Tsvangirai: Because we should have used the maximum advantage at independence, when everyone was looking at Zimbabwe, to attract investment. At the moment, we have South Africa to compete with. It has all the advantages, including access to the sea; we are landlocked.

MM: Do you think attracting foreign investment should be a key goal of the government?

Tsvangirai: No, it should be one of the strategies, but it cannot be the one and only strategy. But certainly attracting investment is important.

MM: How important are foreign investment and foreign multinationals in the Zimbabwean economy right now?

Tsvangirai: Our economy is based on multinational investment from companies like Anglo American, Lonrho and BHP. They are mostly in mining and agriculture -- they are raw material producers.

MM: How do multinationals in Zimbabwe treat workers and unions?

Tsvangirai: I know of one case -- at an Anglo American sugar estate -- where they have created a company union. But it is now being resisted by the workers.

In other areas, they have not been conspicuous by their anti-union or pro-union stance.

MM: Do you think there are any emerging issues of new multinational demands from workers?

Tsvangirai: I think things are proceeding as they have been. This is a very low-wage labor regime, so I do not think we have caused them many problems. As the unions start to become stronger, and challenge some of the multinationals' practices, I think they will start putting conditions to government before investing. Of course, government is always under pressure from the multinationals in terms of repatriation of their profits and other ways to increase profits.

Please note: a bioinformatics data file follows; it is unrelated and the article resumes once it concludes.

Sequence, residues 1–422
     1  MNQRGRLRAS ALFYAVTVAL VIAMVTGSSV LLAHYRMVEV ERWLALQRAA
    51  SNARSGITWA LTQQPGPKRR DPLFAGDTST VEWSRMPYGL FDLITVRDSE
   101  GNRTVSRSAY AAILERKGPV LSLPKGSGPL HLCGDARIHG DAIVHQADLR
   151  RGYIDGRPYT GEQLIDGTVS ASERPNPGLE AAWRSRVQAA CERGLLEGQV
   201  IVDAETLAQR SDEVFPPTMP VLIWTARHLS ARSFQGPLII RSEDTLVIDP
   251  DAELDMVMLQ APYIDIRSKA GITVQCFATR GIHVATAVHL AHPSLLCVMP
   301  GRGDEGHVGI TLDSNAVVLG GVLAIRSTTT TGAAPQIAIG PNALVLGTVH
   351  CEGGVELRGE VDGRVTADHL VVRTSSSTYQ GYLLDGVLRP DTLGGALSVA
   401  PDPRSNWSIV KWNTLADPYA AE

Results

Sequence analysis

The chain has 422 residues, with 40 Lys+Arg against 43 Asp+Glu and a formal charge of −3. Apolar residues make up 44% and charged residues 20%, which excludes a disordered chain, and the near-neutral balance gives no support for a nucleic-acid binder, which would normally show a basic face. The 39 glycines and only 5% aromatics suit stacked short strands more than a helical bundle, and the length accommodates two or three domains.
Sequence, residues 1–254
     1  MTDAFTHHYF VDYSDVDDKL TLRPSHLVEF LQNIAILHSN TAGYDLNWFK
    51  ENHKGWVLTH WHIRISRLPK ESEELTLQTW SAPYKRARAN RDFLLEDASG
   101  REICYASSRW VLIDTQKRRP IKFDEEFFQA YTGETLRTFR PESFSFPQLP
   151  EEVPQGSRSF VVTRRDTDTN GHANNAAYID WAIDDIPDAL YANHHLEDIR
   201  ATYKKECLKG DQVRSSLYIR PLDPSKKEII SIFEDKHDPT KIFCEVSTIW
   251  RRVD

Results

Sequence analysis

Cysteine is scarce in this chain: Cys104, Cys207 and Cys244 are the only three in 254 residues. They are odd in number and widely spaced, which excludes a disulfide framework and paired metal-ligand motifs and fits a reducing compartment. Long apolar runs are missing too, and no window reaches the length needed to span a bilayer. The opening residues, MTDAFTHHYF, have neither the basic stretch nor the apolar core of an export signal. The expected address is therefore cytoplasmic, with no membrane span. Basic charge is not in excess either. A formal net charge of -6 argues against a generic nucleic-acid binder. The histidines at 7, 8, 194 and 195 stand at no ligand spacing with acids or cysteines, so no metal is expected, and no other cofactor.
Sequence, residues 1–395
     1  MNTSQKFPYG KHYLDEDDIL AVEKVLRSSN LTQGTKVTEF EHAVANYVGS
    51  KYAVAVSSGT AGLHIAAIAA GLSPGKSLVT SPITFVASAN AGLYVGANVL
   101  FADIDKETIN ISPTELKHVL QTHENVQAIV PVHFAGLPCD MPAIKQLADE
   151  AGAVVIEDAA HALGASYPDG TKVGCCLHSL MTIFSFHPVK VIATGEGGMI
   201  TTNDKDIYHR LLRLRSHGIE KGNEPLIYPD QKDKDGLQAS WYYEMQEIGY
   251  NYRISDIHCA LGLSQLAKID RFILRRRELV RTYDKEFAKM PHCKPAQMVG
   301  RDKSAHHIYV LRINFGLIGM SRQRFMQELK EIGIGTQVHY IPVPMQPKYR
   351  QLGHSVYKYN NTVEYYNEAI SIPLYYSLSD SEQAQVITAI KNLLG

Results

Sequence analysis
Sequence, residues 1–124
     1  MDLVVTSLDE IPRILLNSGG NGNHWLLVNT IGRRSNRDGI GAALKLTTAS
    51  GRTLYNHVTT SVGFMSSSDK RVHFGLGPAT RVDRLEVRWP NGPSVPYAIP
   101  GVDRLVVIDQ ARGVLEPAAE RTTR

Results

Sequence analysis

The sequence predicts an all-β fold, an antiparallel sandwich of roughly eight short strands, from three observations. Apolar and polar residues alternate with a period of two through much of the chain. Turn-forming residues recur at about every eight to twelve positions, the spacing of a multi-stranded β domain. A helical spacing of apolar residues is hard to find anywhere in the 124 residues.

MM: In the formal sector, how concentrated is capital in Zimbabwe?

Tsvangirai: Capital is concentrated in mining and in some of the major agricultural enterprises. It is not very concentrated in manufacturing; we are considered just a raw material producer.

Five companies dominate the economy, five conglomerates that manufacture, distribute and market their own products. The multinationals are Anglo American, Lonrho and Rio Tinto. The domestic ones are T.A. Holdings and Delta Corporation.

MM: What effect does this high concentration of control in the formal sector have on the economy?

Tsvangirai: We have an oligopolistic system here, whereby the same company produces raw materials, manufactures, distributes and markets. You find that each company is in five or 10 different areas of economic activity. So you run from this and you are trapped with that. It has had an effect on the price levels in this country.

As a result, people have been agitating for an unbundling of these five conglomerates.

MM: What sort of proposals do you support for an unbundling or breaking up of the conglomerates?

Tsvangirai: I think subcontracting to qualified indigenous producers, to small to medium enterprises, is actually feasible. Also, making sure that one company does not do all the processes. Some of the activities of the major companies could be done by small or medium enterprises. Instead of producing raw materials, manufacturing and marketing, maybe the production of raw materials can be done by other companies, or the marketing by other companies, or the manufacturing by other companies.